Neuropsychiatric symptoms are important and frequent nonmotor features in Parkinson disease (PD). We explored mild behavioral impairment (MBI) in drug-naive patients with PD and its clinical and dopamine transporter (DAT) correlates.
We recruited 275 drug-naive patients with PD who had undergone Unified Parkinson’s Disease Rating Scale, a neuropsychological battery, Neuropsychiatric Inventory, and N-(3-[18F]fluoropropyl)-2β-carbon ethoxy-3β-(4-iodophenyl) PET within 6 months. Patients with PD were divided into groups without MBI (PD-MBI−, n = 186) and with MBI (PD-MBI+, n = 89) according to the Neuropsychiatric Inventory. We performed comparative analysis of DAT availability, cognitive function, and motor deficits between the groups.
Mild behavioral impairment was found in 32.4% of PD patients at the time of diagnosis, and affective dysregulation and decreased motivation were the 2 most common neuropsychiatric domains. Dopamine transporter availability in the anterior caudate (odds ratio, 0.60; P = 0.016) and anterior putamen (odds ratio, 0.58; P = 0.008) was associated with the development of MBI in PD. PD-MBI+ group had a lower z-score in memory-related tests and Stroop color reading test than PD-MBI− group. PD-MBI+ group had a higher Unified Parkinson’s Disease Rating Scale motor score after controlling for DAT availability in the posterior putamen than PD-MBI− group (P = 0.007).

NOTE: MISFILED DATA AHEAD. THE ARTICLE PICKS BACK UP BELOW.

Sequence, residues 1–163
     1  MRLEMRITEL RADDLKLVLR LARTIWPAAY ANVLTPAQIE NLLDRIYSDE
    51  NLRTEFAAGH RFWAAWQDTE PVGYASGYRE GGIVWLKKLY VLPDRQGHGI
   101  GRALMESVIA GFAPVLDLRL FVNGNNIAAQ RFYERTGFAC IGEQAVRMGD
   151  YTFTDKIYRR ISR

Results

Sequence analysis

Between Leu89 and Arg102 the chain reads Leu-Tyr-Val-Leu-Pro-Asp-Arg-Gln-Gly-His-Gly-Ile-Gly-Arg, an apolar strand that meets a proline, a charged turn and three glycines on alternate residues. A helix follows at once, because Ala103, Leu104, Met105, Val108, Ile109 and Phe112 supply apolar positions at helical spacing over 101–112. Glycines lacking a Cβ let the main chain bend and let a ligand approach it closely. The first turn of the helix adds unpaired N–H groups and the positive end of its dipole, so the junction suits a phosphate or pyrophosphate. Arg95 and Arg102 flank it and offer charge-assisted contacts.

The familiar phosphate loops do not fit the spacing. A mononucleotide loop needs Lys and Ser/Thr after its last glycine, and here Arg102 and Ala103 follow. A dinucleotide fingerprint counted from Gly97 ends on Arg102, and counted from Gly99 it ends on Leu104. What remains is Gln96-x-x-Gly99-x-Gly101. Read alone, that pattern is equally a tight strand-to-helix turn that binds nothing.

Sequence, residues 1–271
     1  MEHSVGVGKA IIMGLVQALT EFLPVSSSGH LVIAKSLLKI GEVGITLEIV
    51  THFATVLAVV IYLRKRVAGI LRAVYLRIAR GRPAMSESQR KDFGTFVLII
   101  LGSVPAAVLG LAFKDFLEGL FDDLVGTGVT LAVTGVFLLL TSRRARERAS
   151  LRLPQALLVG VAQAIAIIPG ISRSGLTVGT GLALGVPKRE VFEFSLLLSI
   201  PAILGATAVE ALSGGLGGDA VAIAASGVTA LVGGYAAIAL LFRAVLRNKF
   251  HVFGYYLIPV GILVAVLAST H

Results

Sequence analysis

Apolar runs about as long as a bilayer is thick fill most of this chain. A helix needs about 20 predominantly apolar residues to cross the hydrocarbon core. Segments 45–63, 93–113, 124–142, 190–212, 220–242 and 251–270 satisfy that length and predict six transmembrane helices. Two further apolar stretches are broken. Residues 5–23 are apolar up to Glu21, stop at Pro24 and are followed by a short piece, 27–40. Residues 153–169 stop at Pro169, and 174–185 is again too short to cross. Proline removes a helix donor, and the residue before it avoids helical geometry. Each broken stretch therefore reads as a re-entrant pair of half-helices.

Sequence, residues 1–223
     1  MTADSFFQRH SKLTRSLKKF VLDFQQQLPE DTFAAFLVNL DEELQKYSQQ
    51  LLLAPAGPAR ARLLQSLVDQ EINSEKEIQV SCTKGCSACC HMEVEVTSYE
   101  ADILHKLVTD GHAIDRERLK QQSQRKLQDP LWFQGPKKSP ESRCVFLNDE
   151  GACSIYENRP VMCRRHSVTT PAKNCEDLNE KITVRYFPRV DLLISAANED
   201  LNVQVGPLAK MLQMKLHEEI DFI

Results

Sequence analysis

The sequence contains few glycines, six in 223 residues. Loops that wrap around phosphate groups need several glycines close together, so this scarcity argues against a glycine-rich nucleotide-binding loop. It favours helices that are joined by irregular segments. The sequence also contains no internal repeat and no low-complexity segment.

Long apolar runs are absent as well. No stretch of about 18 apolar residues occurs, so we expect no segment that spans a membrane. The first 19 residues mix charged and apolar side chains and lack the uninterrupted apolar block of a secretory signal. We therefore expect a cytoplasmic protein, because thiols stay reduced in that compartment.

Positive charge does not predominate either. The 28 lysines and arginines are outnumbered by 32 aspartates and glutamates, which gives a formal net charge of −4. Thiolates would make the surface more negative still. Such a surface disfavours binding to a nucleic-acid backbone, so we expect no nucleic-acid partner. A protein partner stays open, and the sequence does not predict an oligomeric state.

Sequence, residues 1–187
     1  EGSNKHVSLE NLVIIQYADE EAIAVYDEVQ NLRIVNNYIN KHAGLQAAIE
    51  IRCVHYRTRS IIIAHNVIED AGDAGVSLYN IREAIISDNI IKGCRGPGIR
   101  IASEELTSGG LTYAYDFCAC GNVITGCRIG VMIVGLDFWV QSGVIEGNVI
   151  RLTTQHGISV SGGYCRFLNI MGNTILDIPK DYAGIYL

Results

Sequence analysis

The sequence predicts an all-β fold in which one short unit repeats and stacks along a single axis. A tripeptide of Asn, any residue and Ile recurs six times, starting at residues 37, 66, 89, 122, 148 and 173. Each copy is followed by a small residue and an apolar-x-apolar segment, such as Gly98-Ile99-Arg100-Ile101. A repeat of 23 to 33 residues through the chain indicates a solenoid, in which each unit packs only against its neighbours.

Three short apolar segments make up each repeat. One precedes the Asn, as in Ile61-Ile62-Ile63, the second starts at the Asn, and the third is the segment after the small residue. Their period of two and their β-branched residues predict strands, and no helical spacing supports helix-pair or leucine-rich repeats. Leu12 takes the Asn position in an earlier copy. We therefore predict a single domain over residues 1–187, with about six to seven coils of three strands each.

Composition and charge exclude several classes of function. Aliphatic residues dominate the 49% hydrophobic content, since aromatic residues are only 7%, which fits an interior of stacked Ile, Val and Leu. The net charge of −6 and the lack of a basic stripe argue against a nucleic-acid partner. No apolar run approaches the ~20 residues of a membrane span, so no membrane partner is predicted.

This study suggests that early behavioral impairment is associated with more pathological involvement in the anterior striatum, memory and frontal dysfunction, and motor deficits, which could be regarded as a different phenotype in PD.